Hungary urges the European Union to sign as many free trade agreements as it can over the coming period, Péter Szijjártó, the minister of foreign affairs and trade, said during a break in a meeting with his EU counterparts in Brussels on Thursday.
Speaking to Hungarian reporters, Szijjártó said the EU should forget about “political preconditions” when it comes to signing trade deals, arguing that there was “no point to them”. The EU should not conflate trade and the economy with issues that have nothing to do with either, he added.
Hungary is pushing for the bloc to enter into close institutional cooperation with the free trade area in the Far East, Szijjártó said. Losing out on the opportunity to cooperate with that trade bloc would cost the EU a lot and could also affect the trade turnovers of its member states, he added.
“There is a pressing need for urgent steps to restore the EU’s former weight in the world economy and global trade,” he said. This is all the more important for Hungary, whose export accounted for over 83 percent of GDP last year, the 11th biggest rate globally.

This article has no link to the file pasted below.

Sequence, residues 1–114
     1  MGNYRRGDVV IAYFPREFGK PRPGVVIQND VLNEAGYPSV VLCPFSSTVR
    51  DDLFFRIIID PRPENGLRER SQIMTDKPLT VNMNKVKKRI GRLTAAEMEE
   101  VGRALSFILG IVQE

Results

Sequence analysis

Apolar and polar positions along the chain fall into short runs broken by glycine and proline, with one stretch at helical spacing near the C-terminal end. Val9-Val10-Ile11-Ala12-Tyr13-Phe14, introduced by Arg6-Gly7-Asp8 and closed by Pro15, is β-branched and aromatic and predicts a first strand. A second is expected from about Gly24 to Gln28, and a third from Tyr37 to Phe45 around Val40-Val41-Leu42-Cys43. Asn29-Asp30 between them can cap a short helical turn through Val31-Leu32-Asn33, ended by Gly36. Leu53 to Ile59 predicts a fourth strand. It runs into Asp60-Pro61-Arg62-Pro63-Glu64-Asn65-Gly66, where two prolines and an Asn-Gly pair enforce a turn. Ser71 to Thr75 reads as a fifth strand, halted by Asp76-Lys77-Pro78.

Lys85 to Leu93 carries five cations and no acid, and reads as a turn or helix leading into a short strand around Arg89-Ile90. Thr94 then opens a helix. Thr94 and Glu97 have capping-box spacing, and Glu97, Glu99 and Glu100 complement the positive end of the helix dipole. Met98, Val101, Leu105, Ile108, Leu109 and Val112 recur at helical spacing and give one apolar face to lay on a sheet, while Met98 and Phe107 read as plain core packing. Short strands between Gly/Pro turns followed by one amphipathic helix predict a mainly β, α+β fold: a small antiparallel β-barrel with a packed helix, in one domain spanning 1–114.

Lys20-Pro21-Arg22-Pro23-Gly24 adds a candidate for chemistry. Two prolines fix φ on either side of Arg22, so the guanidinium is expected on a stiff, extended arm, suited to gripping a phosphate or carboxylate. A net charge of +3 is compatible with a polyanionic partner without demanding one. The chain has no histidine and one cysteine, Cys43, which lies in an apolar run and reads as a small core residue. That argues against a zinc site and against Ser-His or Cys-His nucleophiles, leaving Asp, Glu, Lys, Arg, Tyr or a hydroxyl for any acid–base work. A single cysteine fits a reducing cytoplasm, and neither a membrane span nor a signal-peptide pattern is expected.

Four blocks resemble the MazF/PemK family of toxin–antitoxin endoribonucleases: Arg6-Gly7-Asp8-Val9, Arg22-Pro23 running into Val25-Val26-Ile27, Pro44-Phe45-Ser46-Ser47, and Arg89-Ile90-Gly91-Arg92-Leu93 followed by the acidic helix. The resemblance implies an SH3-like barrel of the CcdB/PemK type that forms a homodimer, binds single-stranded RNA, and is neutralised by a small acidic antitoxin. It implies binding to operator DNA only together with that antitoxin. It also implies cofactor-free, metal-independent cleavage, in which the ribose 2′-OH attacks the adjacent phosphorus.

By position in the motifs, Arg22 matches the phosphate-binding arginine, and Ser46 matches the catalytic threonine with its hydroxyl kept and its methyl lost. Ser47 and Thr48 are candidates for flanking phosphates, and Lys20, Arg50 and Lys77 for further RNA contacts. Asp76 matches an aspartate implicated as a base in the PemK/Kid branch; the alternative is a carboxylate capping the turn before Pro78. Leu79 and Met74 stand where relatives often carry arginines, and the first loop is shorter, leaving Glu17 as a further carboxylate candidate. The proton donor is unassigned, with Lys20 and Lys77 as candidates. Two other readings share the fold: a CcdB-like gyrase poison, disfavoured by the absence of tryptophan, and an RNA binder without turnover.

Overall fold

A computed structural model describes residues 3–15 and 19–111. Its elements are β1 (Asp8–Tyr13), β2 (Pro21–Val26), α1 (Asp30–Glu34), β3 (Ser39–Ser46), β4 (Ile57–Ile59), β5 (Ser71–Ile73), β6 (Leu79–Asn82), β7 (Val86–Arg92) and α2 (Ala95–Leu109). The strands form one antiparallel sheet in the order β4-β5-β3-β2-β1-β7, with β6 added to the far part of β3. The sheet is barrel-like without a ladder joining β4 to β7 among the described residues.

Szijjártó said a new global economic and trade order has emerged, which he attributed to three factors. Firstly, the pandemic brought about a 9.2 percent decline in global trade last year. Secondly, the biggest free trade area of all time, a 15-nation zone accounting for 30 percent of world trade and 28 percent of the global population, has been established in the Far East. And thirdly, the East has caught up with the West in terms of technology and financing, which brought about a shift to the east in global trade.
Over the past 20 years the EU’s share in global GDP has decreased from 24 to 18 percent because the EU started to overburden its trade agreements with clauses “that have nothing to do with economic cooperation and trade”, Szijjártó said.
Setting political, gender and human rights preconditions for trade deals will create a situation in which there will be no one left to make a deal with, he said, adding that this practice should be discontinued.
Featured photo illustration by Mátyás Borsos/Ministry of Foreign Affairs and Trade